I never saw a real version, but I read and re-read an article in one of the “men’s” magazines of the mid-fifties–True? Argosy? My father had a subscription to them, and although I was not supposed to read them, I did anyway. My memory of the Iceman haunted my nightmares for a while, and I remember that there was an arm up, but it seemed that there was more face showing than this. It was a b & w photo on grainy paper, so details of fur, etc, were not really noticeable. There is also a line drawing that has been published that shows the arm raised and the body contorted to fit a box not big enough to hold the corpse. This would have been before 1959, as my father died in 1957 and the subscription was not renewed.

  13. eyeofstrm responds:

    Not the original. Just google Minnesota Iceman images and see for yourself.

  14. deadfoot responds:

    There’s supposed to be a baseball sized hole in the middle of the chest, so from my limited background it’s a fake. Maybe it’s the “original” fake that he used to fool the x-ray machines.

    I’m curious about some of the people commenting that were lucky enough to see the original. All the info I’ve read and seen about it has its left arm raised, similar to the fake above, with a visible wound to the wrist where the final bullet passed through to the left eye and out the back of the head. The idea being he was already badly wounded, and tried to block the final shot to the head.

    Off to look up what else Frank’s son has said about it.

  15. Ironwood responds:

    I saw the Iceman in the Hancock County, Indiana county fair during 1965 or ’66. I would have been 12 or 13 at the time. I remember the viewing booth (actually a refrigerated semi with steps and doors) was closed for a period of time. They claimed trouble with their refrigeration unit.

    When it reopened, what I saw did not resemble the photos in this article. I could see part of the face, the hand partially covering it, one very broad shoulder, part of the stomach almost down to the pubic area, and one clear foot. The rest of the body was covered in foggy ice. There was a dark stain in the ice in the chest area. I remember the tank it was in was quite deep, or so it seemed to me. Larger, certainly, than would be used for a human being.

    I remember two things specifically about this. I could smell decayed or rotting meat, something of a “chilly butcher shop” scent. It was quite noticeable. Secondly, the young girl I took in with me, my date at the time, took one look at it and fled to the far corner of the trailer, refusing to even take a second glance.

    The scent could have been easily faked, but it did not smell like anything I was ever familiar with. I remember going in and expecting a rubber dummy or somesuch carny mischief. This was not what I expected. This seemed frighteningly real, but keep in mind I was still a kid.

    Whether or not it was the True Iceman, I have no idea.

  16. Iceman responds:

    This is the thing, that as a child, began my lifelong fascination with Bigfoot!

  17. William responds:

    I have always thought of the pros versus the cons on the Iceman saga. The pro’s would be that it would be difficult and extremely time consuming to fake something of this nature with the block of ice and all. However, the con part would also come into play as the ice would prevent anyone from making a hands on analysis of it as well (as in a scientist). Another pro is the wounds would not only be difficult to fake but they make sense that something would try to block being shot (I know I would) by sticking up their arm and hand in front of their face and the bullet going through the wrist and eye. This is very convince on the pro side as why go to all that painstaking trouble when you have something in a block of ice? This also would explain how it was obtained.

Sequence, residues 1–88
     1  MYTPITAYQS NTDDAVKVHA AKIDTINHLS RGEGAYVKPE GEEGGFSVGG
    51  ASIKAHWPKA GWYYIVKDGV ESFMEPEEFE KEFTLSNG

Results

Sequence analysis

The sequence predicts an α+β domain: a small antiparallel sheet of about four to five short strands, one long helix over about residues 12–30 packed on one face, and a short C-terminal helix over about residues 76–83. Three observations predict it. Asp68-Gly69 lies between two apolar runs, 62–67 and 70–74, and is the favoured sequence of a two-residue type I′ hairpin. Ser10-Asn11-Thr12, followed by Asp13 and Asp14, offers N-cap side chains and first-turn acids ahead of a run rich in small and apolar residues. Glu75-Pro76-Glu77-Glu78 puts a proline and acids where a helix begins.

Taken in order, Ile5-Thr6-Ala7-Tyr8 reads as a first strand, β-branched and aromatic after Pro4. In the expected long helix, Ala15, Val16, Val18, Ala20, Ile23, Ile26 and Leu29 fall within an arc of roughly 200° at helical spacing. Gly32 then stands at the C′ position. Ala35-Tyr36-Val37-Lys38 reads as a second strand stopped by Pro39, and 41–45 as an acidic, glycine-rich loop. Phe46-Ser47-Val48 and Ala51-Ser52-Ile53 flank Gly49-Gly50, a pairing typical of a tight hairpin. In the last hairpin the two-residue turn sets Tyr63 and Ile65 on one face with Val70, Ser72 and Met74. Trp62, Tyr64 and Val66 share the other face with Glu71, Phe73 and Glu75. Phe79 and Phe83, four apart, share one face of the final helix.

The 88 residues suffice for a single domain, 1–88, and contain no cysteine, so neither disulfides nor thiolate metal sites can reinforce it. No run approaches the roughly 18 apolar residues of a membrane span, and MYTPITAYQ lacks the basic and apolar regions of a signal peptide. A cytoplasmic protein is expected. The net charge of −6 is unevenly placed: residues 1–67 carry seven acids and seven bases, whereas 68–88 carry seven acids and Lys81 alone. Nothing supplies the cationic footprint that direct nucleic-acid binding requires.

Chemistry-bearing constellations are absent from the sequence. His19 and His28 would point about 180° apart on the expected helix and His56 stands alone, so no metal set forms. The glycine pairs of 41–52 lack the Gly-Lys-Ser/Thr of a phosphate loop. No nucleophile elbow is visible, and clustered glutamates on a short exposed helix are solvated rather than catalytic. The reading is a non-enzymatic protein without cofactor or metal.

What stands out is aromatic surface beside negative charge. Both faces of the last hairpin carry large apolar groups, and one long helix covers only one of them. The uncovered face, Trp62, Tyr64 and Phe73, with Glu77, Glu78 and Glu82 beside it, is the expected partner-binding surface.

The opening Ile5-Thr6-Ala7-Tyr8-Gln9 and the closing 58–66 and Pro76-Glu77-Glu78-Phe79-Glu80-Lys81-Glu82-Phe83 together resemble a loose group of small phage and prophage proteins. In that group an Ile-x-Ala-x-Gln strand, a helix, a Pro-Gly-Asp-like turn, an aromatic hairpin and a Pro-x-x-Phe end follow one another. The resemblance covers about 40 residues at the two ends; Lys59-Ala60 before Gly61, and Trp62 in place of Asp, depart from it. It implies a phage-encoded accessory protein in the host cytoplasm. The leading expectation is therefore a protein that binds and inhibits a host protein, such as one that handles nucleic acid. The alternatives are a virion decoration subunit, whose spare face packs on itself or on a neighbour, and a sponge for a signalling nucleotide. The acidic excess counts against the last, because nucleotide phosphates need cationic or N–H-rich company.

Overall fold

However, the fact a replica or fake was made is indeed on the con side. Furthermore, the fact it was shown as a sideshow exhibit also screams fake as if it was the real deal it would seem a fortune could have been made by letting the scientific world examine it.

    So the bottom line is who really knows if it was real or an elaborate hoax?

  18. Shelley responds:

    What Ironwood saw was what I saw pictured in the men’s magazine. I always wondered if they put the hand over the face because looking directly into the eyes would have been a giveaway–if the eyes were fake, it wouldn’t matter how good the rest of it was. Since you could only see about 1/4 of the creature, that seemed suspicious, too.

    And this was my first contact with the concept of Bigfoot, too.

  19. Turtledover responds:

    I saw the “shopping mall” display when it came through Erie, Pennsylvania in the late 1970′s. They put the refrigerator unit right in the middle of the concourse intersection of the “Millcreek Mall”. The admittance price was I believe $4, and the “collectible” flyer was $2. I talked my mother into buying the handout. I thought it was lost forever but I came across it, in poor shape, in a basement box when we cleaned out her house. I looked at the copy and photos and the Argosy article had been reproduced.

    I will try to scan the item and pass it along to Loren. He may already have it in the museum.

    At the age that I saw this display, it still excited me, sort of scared me, and I visualized the creature shot by accident during the Vietnam War. How it ever got frozen seemed more like a Captain America plot. Now that I am aware of the Vietnam Rock Apes, that seemed easy to piece together mentally. Who will ever know, really, the whole actual story?

  20. alanrusso responds:

    I saw this thing when i was a teenager in the late 60′s or early 70′s. When I saw it I had no doubt that it was real. I saw it at the Canfield Fair. That is the name for the Mahoning County fair in Ohio. The thing that struck me was the hairs on its body and arms, in no way did they look faked or man made. No different than a human’s hairs, where the folicule entered the skin. I remember the ice being cloudy in some spots so I couldn’t get a good look at it’s face and I don’t recall any wounds on the thing. I think if the thing was faked whoever did it did a very good job. I knew that people faked things for side shows but this certainly looked real to me.